92 points John Gilman
I remember well the big flap about the 1983 DRCs when they were released, as The Wine Spectator famously came out and called the vintage “hail-tainted” at the domaine and it was pretty hard to sell the wines in my merchant days (though I think the price on this ’83 Echézeaux was under fifty dollars a bottle back then!) and they tended to languish on the shelf for a few years. I had not tasted a bottle of the ’83 DRC Echézeaux since fairly soon after release and was very curious to try this wine when a bottle crossed my path recently. It was really a very fine example of the vintage, a bit lean in style, but with plenty of depth and intensity and no signs of hail taint that I could see. The bouquet is a fine blend of cherries, orange zest, cinnamon, woodsmoke, really fine minerality, fresh herb tones and forest floor. On the palate the wine is fullish, pure and impressively transparent, with a good core, fine complexity, tangy acids and fine length and grip on the modestly tannic finish. The tannins have resolved here very nicely, and while this is not a particularly opulent Echézeaux, there is an awful lot to like here today. (1/2015)
Robert Parker’s Wine Advocate
The 1983 vintage for Domaine de la Romanee-Conti was a very tough year. First there was hail, then the advent of rot in August thanks to the tropical heat and humidity. When the harvest occurred, the domaine instructed its pickers to pick the grapes, not the grape bunches, by hand and to discard all of the rotten grapes. The results are splendidly concentrated, rich wines, but wines that are extremely expensive and need at least a decade of cellaring. (RP) (1/1990)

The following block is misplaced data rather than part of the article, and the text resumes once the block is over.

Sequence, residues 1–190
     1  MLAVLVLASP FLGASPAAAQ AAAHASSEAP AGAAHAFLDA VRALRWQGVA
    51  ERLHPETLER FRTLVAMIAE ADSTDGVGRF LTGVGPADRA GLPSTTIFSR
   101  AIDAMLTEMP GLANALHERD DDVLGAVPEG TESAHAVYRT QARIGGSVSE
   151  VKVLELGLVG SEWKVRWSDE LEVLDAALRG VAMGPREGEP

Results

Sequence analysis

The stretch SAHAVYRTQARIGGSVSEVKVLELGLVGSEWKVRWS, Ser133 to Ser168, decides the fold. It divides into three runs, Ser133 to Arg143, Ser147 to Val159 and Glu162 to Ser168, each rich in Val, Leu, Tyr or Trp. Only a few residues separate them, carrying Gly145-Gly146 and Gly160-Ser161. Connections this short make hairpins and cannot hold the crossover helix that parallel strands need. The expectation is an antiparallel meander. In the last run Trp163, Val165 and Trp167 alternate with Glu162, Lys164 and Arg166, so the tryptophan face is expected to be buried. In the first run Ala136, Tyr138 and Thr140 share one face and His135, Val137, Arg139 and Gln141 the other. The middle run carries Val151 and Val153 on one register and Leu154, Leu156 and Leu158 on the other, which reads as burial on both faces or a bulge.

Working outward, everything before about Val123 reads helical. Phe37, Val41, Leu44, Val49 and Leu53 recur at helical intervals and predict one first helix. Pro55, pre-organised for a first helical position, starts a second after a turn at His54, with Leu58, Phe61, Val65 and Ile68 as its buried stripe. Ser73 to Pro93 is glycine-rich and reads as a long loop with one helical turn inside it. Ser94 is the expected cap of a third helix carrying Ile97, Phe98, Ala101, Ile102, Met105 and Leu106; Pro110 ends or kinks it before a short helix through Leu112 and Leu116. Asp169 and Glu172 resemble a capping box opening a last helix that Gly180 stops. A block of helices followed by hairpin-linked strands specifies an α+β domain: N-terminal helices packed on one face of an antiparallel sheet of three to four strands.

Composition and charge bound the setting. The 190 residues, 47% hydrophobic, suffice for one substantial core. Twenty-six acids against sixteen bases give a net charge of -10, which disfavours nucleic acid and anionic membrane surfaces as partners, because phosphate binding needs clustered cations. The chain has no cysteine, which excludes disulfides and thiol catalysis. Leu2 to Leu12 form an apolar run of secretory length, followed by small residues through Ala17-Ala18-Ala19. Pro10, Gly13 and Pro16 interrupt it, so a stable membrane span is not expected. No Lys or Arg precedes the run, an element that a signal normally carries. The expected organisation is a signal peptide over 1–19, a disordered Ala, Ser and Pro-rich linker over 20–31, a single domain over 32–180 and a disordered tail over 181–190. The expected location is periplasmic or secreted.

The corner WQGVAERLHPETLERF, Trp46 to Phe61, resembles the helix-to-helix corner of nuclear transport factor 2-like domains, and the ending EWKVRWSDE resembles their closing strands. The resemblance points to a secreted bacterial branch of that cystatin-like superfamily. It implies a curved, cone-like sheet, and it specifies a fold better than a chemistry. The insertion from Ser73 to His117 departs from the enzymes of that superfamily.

Domaine de la Romanee-Conti is unquestionably Burgundy’s most famous estate, and among serious oenophiles, it may be the most famous wine estate in the world. Its Grand Cru Pinot Noirs and one Chardonnay regularly command some of the highest prices for any wine produced anywhere in the world, and according to many reviewers the wines are generally celestial. Though its history is complicated, the domaine is now owned by several long-time Burgundy families, with some owners holding just a very few shares. The 62.5 acres of vineyard owned by the domaine are planted to Pinot Noir and a small amount of Chardonnay. The wines produced are Grands Echezeaux, Echezeaux, Romanee-St.-Vivant, Montrachet, Richebourg, Romanee-Conti, and La Tache. Of the Pinot Noirs, the rarest is the Romanee-Conti, with an annual production of only 450 cases. The most plentiful, theoretically, is La Tache, produced in quantities of about 1,900 cases annually.
Stored on it’s side in a climate controlled cellar since purchase.
Please note: The item in the photos is the exact item you will receive.
Overall outstanding condition.
Bottle and label have been carefully examined and authenticated.